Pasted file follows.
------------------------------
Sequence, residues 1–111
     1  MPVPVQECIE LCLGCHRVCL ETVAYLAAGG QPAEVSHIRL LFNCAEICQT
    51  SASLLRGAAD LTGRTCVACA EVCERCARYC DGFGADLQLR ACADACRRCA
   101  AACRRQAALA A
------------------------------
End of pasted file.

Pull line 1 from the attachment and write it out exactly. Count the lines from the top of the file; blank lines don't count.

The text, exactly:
Sequence, residues 1–111